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Read the latest news from the James Hutton Institute.

Image of the brown marmorated stink bug on a leaf (credit: SRUC)
Wednesday, April 07, 2021

Scottish growers must remain vigilant about stink bug threat

Even if it has not yet been detected north of the border, Scottish growers must take adequate steps to monitor growing areas for the brown marmorated stink bug (Halyomorpha halys), a new potential threat to the UK’s agricultural, horticultural and forestry industries.

The Rock On Soils project involved scientists and farmers working together
Monday, April 05, 2021

'Rock On Soils' shows potential for better carbon sequestration and soil biodiversity

A research project examining the potential of using crushed basic silicate rocks as a soil input, for enhanced carbon sequestration and soil biodiversity, has reported positive results.

The project will see high intensity, field-by-field soil carbon stock quantified
Thursday, April 01, 2021

Pioneering soil carbon project launched

First Milk, Nestlé and Agricarbon have announced the launch of a pioneering soil carbon capture project, with scientific guidance from leading soil ecologist and James Hutton Institute Honorary Associate, Dr Helaina Black.

Submit your entries for the Nature of Scotland awards (courtesy RSPB)
Tuesday, March 30, 2021

Entries now open for 10th Nature of Scotland Awards

The search for Scotland’s leading lights of conservation and sustainability has begun with entries now open for the prestigious Nature of Scotland Awards, now in its tenth anniversary.

Professor Philip White (c) James Hutton Institute
Tuesday, March 30, 2021

Professor Philip White elected Fellow of Royal Society of Edinburgh

Professor Philip J. White, a research specialist in plant ecophysiology at the James Hutton Institute, has received the honour of being elected a Fellow of the Royal Society of Edinburgh.

Gardenstown, Aberdeenshire (Image by DragonTools from Pixabay)
Wednesday, March 24, 2021

Resilience in the face of COVID-19 in Scotland’s rural and island areas

A new report by SEFARI researchers at the James Hutton Institute and Scotland’s Rural College has shed light on the impacts of, and responses to, the COVID-19 pandemic in rural and island areas of Scotland, showing strong community bonds in the face of adversity.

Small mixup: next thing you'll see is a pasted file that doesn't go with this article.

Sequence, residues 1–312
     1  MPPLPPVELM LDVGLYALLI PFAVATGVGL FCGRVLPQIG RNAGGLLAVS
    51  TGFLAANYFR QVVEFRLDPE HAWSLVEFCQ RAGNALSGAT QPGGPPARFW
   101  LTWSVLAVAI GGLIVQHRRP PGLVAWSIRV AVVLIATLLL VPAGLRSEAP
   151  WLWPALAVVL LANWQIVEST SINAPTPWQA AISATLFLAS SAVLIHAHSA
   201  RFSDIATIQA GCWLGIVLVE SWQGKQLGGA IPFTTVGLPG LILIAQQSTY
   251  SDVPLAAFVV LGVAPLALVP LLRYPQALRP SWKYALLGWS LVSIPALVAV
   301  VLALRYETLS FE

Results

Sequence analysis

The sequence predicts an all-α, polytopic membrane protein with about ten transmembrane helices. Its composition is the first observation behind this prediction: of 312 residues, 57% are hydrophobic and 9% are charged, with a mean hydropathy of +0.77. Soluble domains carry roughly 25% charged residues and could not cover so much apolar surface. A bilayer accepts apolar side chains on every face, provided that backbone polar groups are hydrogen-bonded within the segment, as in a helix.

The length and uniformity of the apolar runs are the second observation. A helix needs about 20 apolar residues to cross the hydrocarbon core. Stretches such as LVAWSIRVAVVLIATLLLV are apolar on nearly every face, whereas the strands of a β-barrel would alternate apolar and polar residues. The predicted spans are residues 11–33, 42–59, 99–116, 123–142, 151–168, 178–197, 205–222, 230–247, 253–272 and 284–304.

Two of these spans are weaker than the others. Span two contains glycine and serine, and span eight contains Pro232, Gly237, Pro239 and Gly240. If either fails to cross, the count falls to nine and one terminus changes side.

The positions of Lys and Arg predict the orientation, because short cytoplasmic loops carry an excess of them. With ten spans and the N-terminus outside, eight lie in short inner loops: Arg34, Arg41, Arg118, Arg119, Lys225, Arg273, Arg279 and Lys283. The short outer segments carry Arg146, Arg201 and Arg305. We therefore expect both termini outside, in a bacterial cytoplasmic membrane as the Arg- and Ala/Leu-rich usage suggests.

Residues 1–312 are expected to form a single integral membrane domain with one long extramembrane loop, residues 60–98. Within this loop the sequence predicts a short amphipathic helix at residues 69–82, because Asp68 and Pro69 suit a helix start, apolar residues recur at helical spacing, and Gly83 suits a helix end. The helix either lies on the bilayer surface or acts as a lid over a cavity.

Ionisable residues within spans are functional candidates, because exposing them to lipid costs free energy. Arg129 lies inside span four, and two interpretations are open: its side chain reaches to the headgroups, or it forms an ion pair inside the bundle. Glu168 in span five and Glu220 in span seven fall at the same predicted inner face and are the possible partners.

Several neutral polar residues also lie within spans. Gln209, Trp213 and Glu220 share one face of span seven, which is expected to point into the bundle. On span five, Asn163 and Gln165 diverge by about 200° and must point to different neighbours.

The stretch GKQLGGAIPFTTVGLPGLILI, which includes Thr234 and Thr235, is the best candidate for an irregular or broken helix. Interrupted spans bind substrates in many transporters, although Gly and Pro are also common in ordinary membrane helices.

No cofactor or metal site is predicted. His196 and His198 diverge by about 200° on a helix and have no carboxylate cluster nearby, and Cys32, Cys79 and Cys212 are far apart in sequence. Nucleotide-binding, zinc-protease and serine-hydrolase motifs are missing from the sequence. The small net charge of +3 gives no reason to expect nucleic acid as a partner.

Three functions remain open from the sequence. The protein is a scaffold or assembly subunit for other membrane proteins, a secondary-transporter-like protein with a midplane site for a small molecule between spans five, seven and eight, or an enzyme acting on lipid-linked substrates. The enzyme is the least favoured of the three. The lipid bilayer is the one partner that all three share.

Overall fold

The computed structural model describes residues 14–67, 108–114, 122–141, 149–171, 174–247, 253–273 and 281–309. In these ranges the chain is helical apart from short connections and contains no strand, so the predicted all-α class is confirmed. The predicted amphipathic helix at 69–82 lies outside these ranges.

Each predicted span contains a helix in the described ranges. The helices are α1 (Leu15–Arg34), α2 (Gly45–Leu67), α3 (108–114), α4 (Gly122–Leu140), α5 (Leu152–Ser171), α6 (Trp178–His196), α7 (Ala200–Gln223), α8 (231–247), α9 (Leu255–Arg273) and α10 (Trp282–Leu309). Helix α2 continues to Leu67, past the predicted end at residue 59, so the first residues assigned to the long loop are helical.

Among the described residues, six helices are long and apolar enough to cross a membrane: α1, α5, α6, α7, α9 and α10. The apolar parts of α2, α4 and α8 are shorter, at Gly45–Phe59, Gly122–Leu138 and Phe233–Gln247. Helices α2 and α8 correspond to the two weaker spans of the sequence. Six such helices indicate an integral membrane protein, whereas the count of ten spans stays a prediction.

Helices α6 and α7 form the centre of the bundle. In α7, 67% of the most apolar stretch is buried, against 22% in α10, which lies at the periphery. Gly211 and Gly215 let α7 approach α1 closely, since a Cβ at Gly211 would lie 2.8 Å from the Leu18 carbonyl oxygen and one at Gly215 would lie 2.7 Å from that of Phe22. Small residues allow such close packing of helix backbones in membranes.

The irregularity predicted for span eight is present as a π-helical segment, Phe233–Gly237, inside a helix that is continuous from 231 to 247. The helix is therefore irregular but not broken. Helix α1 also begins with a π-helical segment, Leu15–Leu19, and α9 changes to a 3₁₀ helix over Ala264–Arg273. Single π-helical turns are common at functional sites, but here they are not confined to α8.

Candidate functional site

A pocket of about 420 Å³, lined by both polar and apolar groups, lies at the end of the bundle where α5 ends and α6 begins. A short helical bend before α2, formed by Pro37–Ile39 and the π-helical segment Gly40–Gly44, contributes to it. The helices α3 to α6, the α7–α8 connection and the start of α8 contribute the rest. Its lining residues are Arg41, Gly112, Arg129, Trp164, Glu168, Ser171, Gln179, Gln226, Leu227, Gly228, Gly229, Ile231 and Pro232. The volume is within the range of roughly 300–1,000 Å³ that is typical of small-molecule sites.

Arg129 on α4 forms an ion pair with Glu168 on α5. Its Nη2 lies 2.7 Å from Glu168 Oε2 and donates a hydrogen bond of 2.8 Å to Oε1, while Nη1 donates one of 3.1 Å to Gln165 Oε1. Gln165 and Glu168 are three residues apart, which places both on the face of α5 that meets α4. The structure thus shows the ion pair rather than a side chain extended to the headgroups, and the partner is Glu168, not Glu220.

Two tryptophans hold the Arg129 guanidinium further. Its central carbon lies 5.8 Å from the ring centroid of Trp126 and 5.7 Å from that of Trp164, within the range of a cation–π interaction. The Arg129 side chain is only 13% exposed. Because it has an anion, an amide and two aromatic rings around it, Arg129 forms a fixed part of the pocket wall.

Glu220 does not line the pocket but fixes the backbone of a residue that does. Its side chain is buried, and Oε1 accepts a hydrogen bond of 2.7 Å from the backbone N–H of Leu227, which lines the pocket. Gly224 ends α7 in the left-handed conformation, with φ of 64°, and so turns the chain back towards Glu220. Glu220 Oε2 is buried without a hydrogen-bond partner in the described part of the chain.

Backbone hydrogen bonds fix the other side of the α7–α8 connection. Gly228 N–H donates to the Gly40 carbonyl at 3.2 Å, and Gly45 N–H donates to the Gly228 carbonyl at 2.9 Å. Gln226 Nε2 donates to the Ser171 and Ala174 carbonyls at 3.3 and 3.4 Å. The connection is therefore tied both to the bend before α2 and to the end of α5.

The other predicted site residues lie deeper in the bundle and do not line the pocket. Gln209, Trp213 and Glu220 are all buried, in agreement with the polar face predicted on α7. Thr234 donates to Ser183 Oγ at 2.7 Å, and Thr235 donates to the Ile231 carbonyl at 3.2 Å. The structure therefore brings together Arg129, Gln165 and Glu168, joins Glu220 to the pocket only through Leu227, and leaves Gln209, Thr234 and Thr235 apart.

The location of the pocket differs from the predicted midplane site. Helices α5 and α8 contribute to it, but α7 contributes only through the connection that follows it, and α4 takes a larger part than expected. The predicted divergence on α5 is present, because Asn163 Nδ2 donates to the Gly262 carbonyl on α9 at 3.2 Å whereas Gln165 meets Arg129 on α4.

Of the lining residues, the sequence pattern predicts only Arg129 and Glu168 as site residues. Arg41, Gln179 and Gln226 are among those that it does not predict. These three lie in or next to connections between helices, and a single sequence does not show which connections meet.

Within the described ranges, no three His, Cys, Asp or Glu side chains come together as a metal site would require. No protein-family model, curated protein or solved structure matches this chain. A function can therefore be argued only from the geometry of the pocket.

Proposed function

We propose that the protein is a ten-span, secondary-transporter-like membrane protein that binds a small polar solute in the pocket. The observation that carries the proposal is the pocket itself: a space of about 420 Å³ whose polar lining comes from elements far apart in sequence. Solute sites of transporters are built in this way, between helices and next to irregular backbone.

White mountain hare (c) James Hutton Institute
Monday, March 22, 2021

Volunteers wanted for innovative Scottish mountain hare survey

Volunteers are wanted for the first on-the-ground national survey to shed light on distribution and numbers of Scottish mountain hares.

Architects' impression of IBH and APGC, subject to planning & design development
Friday, March 19, 2021

Tay Cities Deal go-ahead for International Barley Hub and Advanced Plant Growth Centre

The International Barley Hub and the Advanced Plant Growth Centre, two flagship innovation projects supported through a transformational capital investment of £45m by the UK Government and £17m by the Scottish Government via the Tay Cities Region Deal, have been greenlighted today (19th March) by the Tay Cities Deal joint committee.

The events will explore the many opportunities surrounding legume production
Thursday, March 18, 2021

Webinar series explores legume-based business network for food security

A series of eight free-to-attend webinars and networking events will explore the many opportunities surrounding legume production and use.

Cross-section of a barley flower, Dr Laura Wilkinson, University of Adelaide
Wednesday, March 17, 2021

Discovery of a gene that controls grain development may help control cereal yields

The productivity of cereal crops could get a boost in the future thanks to the discovery of new roles for a master gene regulator that influences the development of barley florets, furthering the understanding of grain development including impacts on grain shape and yield.

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Printed from /news?page=1 on 08/05/21 09:28:42 AM

The James Hutton Research Institute is the result of the merger in April 2011 of MLURI and SCRI. This merger formed a new powerhouse for research into food, land use, and climate change.